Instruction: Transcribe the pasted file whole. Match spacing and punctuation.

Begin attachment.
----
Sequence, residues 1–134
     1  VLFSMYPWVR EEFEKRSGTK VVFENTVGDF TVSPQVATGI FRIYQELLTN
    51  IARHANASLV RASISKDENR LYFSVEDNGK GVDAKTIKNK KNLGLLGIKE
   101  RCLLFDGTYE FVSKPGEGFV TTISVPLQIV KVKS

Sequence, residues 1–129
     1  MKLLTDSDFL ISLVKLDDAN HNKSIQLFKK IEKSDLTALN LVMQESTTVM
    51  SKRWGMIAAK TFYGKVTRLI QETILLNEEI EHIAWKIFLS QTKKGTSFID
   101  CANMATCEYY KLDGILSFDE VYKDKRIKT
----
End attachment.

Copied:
Sequence, residues 1–134
     1  VLFSMYPWVR EEFEKRSGTK VVFENTVGDF TVSPQVATGI FRIYQELLTN
    51  IARHANASLV RASISKDENR LYFSVEDNGK GVDAKTIKNK KNLGLLGIKE
   101  RCLLFDGTYE FVSKPGEGFV TTISVPLQIV KVKS

Sequence, residues 1–129
     1  MKLLTDSDFL ISLVKLDDAN HNKSIQLFKK IEKSDLTALN LVMQESTTVM
    51  SKRWGMIAAK TFYGKVTRLI QETILLNEEI EHIAWKIFLS QTKKGTSFID
   101  CANMATCEYY KLDGILSFDE VYKDKRIKT